The Endless Search for Underclassmen Advisors

There is no doubt that the student council plays a vital role in what many call "the high school experience." Without it, there would be no prom, no junior varieties, no fundraisers and so much more. Considering Malden High School’s large student body, there will always be students that are more than willing to be part of the student council or have leadership roles. However, what if there is not an advisor?

Every student council needs an advisor, being a staff member that supports the council in any events they want to hold, any fundraisers, and simply advises. Another part of being a class advisor is conducting the class elections and gathering your student government. 

A class advisor typically takes on the role in 9th grade, and class elections occur that year. However, both the freshmen class and sophomore class are without an advisor.

Sophomore Alyssa Chung voiced her concern about the open position: “it both surprises me and worries me, as there’s a possibility that we may miss out on fundraising and won’t be able to hold events.” 

This topic has not gained a lot of traction among the student body, as Sophomore Isabella Matos stated that she hadn’t got word about what a class advisor was. Chung also mentioned that she didn't even know that her class was lacking an advisor in the first place, noting that “it’s not something that's typically talked about.”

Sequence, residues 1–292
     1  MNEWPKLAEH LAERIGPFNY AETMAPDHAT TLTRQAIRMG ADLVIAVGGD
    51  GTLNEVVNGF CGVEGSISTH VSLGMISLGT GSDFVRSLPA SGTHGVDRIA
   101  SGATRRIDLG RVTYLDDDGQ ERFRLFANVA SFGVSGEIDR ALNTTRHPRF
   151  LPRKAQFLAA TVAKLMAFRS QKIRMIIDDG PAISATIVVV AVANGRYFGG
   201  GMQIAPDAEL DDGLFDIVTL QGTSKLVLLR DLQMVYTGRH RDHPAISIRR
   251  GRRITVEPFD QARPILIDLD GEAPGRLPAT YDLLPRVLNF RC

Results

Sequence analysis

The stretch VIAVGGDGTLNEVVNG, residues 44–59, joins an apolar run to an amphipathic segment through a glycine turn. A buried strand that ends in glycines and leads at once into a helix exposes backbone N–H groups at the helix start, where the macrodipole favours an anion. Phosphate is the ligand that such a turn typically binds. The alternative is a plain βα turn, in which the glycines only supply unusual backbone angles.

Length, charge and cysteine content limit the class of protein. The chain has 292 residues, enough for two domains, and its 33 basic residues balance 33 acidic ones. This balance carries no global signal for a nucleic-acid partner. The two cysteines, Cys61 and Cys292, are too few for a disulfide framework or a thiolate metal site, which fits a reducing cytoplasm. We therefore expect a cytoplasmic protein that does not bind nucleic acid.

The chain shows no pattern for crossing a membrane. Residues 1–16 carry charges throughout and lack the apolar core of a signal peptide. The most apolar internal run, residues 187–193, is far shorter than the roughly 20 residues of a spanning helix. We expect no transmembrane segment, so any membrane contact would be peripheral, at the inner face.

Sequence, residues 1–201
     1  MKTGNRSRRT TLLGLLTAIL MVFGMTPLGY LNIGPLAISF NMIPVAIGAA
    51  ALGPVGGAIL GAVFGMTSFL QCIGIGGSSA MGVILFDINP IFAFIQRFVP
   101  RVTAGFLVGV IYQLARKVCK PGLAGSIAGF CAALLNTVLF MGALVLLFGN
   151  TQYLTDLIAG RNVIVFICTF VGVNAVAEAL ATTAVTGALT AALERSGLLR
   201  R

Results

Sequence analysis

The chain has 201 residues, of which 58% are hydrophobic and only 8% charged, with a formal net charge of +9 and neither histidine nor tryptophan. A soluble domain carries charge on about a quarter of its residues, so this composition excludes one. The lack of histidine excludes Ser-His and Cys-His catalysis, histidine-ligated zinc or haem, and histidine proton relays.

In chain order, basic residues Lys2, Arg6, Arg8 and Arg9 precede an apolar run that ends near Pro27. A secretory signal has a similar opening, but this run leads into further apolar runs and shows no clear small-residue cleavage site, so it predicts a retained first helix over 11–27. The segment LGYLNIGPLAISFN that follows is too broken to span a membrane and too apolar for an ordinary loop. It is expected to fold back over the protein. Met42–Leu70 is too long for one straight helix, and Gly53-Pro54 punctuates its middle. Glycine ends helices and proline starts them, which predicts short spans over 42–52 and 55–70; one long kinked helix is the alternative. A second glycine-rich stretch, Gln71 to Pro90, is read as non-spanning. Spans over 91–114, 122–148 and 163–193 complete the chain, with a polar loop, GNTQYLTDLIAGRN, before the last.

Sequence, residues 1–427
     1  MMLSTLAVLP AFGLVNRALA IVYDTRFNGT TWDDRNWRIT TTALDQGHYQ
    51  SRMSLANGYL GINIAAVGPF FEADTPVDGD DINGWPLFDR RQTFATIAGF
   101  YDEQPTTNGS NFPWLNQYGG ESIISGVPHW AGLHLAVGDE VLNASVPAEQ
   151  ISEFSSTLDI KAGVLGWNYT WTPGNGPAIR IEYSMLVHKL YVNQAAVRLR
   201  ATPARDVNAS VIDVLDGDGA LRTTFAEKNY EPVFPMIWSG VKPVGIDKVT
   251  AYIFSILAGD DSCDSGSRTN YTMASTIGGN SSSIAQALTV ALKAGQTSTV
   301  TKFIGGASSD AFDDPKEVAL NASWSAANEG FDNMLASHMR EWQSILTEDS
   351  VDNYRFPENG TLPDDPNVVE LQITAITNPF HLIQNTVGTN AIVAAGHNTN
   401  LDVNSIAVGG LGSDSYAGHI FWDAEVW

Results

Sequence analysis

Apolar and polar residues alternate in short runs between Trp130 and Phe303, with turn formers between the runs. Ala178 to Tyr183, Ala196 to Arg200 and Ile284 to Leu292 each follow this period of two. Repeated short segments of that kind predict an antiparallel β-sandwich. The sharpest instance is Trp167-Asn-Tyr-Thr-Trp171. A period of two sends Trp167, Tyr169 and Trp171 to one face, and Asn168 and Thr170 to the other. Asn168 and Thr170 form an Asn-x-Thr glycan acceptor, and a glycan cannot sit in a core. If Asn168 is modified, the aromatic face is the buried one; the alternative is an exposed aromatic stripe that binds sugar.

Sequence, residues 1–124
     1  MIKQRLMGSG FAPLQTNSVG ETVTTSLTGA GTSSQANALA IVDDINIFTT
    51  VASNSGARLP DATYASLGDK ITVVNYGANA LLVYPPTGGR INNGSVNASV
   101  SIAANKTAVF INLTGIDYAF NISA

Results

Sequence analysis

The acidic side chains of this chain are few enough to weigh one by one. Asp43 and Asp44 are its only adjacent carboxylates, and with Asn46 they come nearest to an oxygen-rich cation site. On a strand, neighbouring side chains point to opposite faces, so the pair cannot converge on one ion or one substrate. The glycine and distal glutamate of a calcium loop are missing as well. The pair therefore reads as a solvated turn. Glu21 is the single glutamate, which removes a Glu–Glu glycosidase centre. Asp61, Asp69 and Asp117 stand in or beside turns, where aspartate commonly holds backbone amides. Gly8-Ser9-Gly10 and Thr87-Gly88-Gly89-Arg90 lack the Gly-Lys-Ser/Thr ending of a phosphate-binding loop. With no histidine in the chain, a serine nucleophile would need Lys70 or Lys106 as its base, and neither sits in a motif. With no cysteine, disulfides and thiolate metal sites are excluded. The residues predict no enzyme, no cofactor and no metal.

School Counselor and Class Advisor for the Class of 2020 Caitlin Quinn mentioned that “there is a lot of time commitment that goes into it to make sure the class has enough time to fundraise and plan successful events that make a little money while also having fun.” She later stated, “it’s a double-edged sword, you have to have the time in order to commit to being a class advisor, and you have to have the time, looking ahead, for potentially four years. It can be difficult for someone to agree to be a class advisor, from a staff’s perspective, because you just aren’t sure if you’d be able to commit that time.”

The Class of 2020 was one of the only senior classes to not be able to have a prom and other routine events due to the pandemic. She expressed, “It was all a little different than expected.” However, she enjoyed it greatly. She mentioned that she had “a really good group of students, and really let them take charge.”

When facing the issue at hand, Quinn explained something that may help get more staff members to be willing to take on the role. She explained that the role at the moment is too daunting, and suggested that the school lessen the commitments. More specifically, she recommended that the school open the position for just one year, rather than four. At the end of the year, the faculty member that took it on could either choose to stick with the role or reopen the position. 

“I think a lot of staff would be really gung-ho on helping the 9th-grade class get started, but might not be ready for the commitments as it gets more and more difficult in 10th, 11th, and 12th grade,” she said.

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